As a result of the operation of the terrestrial system 1, the subscriber 13 is directly connected, via the subscriber's gateway 3, for two way voice communication, as indicated by the arrow 17, to the relevant mobile satellite switching centre 5C, whereon the user terminal 11 happens to be registered as a "visitor location"

Now, so far, everything, as described, is perfectly normal, so far as the terrestrial system 1 is concerned. A subscriber 13 has gone through his related gateway 3 to access another gateway 5C for establishment of two way communications. From now on, things become a little more complicated because the user terminal 11 happens to be connected via an earth station 5C whereat the connection via the relevant satellite 9A-C is a transient possibility and whereat the possibility of any form of satellite connection between the user terminal 11 and the earth station 5C whereat the visitor location information 17C happens to be stored is, at best, uncertain, At any moment, the earth station 5A-C could change from the visitor location earth station 5C to one of the others 5A 5B 5D 5E. This is because satellites are constantly changing their position with respect to the user terminal 11 and with respect to the earth stations 5A-E. Conditions can change, making the location of the best positioned earth station 7A-E a matter of some uncertainty.

Each of the earth stations 7A-E is linked to every other earth station 7A-E by a low capacity digital link 19 capable of passing instructions and responses between the earth stations 7A-E but of insufficient capacity to carry voice signals.

Each mobile satellite switching centre 5A-E is linked, via the terrestrial network 1, to every other mobile satellite switching centre 5A-E by a voice link 21 capable of two way voice grade communication.

The digital link 19 is a simple packet network and it is envisaged that this can be a permanent connection. Alternatively, it can consist in leased or borrowed time slots in systems comprising part of the terrestrial system.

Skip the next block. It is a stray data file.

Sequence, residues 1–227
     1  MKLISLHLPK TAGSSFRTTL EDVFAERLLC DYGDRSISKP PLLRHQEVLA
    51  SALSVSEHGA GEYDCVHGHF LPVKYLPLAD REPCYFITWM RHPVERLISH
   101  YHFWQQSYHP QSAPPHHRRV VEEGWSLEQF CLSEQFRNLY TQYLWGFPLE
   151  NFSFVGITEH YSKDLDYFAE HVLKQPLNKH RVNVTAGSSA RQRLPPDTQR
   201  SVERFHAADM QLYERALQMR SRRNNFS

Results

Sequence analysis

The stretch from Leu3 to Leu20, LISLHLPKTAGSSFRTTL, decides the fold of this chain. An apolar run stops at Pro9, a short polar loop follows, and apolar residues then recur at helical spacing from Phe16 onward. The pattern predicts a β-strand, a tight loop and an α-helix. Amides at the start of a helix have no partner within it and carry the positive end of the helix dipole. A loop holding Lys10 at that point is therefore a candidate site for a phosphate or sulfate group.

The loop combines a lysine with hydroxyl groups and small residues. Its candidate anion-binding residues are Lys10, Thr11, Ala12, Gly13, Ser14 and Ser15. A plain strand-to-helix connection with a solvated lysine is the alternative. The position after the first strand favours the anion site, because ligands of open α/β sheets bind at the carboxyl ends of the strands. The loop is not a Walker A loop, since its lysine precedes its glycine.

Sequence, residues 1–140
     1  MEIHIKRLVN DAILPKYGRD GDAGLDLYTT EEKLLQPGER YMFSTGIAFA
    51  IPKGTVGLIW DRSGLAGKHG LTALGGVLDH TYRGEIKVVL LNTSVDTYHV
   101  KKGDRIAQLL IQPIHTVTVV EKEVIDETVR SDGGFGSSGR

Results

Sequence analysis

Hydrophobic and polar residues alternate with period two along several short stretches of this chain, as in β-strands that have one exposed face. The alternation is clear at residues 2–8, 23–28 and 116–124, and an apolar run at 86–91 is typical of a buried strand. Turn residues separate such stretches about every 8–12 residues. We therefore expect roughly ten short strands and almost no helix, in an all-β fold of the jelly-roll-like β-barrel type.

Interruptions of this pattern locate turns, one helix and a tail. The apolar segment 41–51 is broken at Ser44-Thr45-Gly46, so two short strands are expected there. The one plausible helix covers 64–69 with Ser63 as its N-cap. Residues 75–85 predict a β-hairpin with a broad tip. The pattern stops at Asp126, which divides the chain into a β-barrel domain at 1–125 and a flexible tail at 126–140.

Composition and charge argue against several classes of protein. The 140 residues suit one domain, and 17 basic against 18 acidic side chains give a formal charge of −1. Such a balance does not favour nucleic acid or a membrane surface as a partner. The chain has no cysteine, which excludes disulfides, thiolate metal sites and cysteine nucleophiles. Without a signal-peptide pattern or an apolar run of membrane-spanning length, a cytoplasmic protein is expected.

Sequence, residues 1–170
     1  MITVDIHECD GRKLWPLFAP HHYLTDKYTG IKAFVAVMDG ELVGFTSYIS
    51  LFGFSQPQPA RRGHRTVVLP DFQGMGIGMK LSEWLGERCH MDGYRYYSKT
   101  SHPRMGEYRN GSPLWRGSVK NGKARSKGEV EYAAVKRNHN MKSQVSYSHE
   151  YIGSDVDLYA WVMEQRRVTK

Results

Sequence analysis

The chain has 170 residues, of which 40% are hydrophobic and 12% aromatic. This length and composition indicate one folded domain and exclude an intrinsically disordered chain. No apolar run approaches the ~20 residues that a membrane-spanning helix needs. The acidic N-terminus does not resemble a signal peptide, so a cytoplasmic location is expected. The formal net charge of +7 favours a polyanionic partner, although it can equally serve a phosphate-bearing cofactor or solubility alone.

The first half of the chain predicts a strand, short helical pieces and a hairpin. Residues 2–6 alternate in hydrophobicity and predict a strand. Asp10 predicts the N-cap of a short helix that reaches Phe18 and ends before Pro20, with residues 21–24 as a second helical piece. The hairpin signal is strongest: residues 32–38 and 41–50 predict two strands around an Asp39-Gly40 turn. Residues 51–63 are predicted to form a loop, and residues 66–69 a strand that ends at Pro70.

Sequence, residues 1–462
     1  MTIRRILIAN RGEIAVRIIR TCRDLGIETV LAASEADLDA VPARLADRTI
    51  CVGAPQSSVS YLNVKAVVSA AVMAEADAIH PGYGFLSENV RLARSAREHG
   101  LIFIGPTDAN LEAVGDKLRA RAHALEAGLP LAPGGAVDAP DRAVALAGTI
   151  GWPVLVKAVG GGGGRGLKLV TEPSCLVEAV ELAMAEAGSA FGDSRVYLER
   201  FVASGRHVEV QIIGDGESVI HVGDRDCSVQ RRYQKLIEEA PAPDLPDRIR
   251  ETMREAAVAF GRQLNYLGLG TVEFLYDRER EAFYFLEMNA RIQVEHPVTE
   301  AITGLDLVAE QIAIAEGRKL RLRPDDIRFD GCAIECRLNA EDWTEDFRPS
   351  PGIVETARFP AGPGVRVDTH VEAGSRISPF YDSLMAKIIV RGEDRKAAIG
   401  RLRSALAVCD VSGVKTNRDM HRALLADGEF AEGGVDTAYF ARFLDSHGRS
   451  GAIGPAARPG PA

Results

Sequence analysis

The voice link 21 is an expensive item to create and to run. It is to be recalled that the earth stations 7A-E may be many thousands of kilometers apart and more than likely separated by oceans. Thus, the associated mobile satellite switching centres 5A-5E are similarly separated. While it is within the scope of the present invention that the voice link 21 can be a permanent, dedicated voice grade channel or channels, it is preferred that the voice link 21 is a line, already existing within the terrestrial network and which can be called upon when required. For example, when one mobile satellite switching centre 5C wishes to call another 5E, being itself a gateway, the one mobile satellite switching centre 5C simply places a call through the terrestrial system 1 to the other 5E and establishes the voice link 21 that way. This example is not intended to be restrictive, and those, skilled in the art, will be aware of numerous other ways in which the voice link 21 can be created.

FIG. 2 is a schematic block diagram of the radio receiving section of the user terminal 11.

With a few slight differences, the radio receiving section of the user terminal 11 is a conventional supersonic heterodyne (superhet) receiver. An antenna 23 couples a radio frequency input to a radio frequency section 25 which provides radio frequency amplification and changes the frequency of the desired radio signal to an intermediate frequency. The output 27 of the radio frequency section 25 is coupled as input to an intermediate frequency amplifier 29. The intermediate frequency amplifier 29 amplifies the desired radio signal, changed to the intermediate frequency by the radio frequency section 25, and also provides any bandpass filtering which may be required for the desired signal.